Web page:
SEOQuake vs Mozbar!
Both of these are AWESOME tools for optimizing your SEO and making the most of your keyword research.
But which is better?
Today I’ll be giving you the complete breakdown of what each tool offers you, and which you should go with.
Let’s get into it…
A Quick Word on Keyword Research
First of all, I’m assuming you all have a decent understanding of the keyword research process, but if you don’t, here’s a quick breakdown.
Whenever you’re writing an article online, you are creating a piece of content centered around a specific keyword. For example, a blogger on a fashion site might create an article and title it ‘best outfits for Autumn 2018’.
In this scenario, the keyword would be ‘best outfits for Autumn 2018’. It’s as simple as that.
So how do you decide which keyword to target?
The ideal keyword is one with LOTS of search volume (aka, lots of people are searching that keyword in Google) but LOW competition (there aren’t many other sites with that keyword). As a general rule, the lower the competition the easier it should be to rank high in Google for your chosen keyword.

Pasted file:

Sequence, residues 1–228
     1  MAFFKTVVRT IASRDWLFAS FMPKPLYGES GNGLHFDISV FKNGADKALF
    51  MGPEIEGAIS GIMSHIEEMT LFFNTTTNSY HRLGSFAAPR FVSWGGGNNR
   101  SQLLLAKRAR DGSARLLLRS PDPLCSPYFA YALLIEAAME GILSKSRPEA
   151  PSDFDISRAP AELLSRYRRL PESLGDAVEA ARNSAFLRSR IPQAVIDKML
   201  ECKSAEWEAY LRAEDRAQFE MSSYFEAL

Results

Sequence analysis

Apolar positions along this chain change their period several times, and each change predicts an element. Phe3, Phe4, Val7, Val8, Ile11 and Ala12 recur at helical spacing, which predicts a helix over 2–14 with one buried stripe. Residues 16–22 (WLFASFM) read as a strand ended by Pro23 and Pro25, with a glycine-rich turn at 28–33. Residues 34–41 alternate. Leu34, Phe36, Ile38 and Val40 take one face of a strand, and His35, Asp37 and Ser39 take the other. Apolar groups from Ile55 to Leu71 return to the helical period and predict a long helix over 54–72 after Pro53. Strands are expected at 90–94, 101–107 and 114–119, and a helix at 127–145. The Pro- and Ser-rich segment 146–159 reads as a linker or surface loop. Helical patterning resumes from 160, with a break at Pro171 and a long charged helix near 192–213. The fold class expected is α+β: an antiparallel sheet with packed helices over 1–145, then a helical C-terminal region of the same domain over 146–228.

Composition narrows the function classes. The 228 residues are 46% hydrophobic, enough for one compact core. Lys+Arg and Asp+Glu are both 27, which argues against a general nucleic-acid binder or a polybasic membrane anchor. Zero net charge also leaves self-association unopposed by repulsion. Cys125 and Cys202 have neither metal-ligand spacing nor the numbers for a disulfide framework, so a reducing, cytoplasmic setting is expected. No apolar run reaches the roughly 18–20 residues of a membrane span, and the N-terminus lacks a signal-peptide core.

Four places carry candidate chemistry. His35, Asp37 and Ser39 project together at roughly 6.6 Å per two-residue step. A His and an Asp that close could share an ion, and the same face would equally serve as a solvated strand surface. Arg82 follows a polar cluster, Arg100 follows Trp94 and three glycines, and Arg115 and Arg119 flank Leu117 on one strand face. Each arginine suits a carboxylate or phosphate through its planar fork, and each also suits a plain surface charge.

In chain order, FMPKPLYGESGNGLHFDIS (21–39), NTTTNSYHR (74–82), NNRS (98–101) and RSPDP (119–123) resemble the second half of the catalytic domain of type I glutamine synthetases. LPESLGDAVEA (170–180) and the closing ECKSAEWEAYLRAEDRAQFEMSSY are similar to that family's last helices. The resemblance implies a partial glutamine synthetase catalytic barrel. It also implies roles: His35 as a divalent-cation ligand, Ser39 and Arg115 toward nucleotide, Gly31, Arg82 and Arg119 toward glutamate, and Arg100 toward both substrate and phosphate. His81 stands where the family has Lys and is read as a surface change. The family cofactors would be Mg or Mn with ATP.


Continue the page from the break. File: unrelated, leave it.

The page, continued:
For example, this keyword looks like a good one on the surface. High search volume (underlined in black) and low competition (underlined in red).
However, that isn’t the end of it.
I used to get confused when I would write a great article targeting a keyword that had super low competition. For example, I might write a post titled ‘what is the best way to earn money online‘. The keyword might only have 14 competing sites, but I still won’t stand a chance of ranking on the first page of Google.
Well, the 14 other sites being displayed could be HUGE authority sites like Amazon or Wikipedia. I would need to get pretty lucky to outrank authority sites like these.
Chances are, the reason there are so few competing sites is because no one else wants to try ranking for this keyword; they know that the odds of them outranking huge sites like these are so slim that their time would be better spent elsewhere.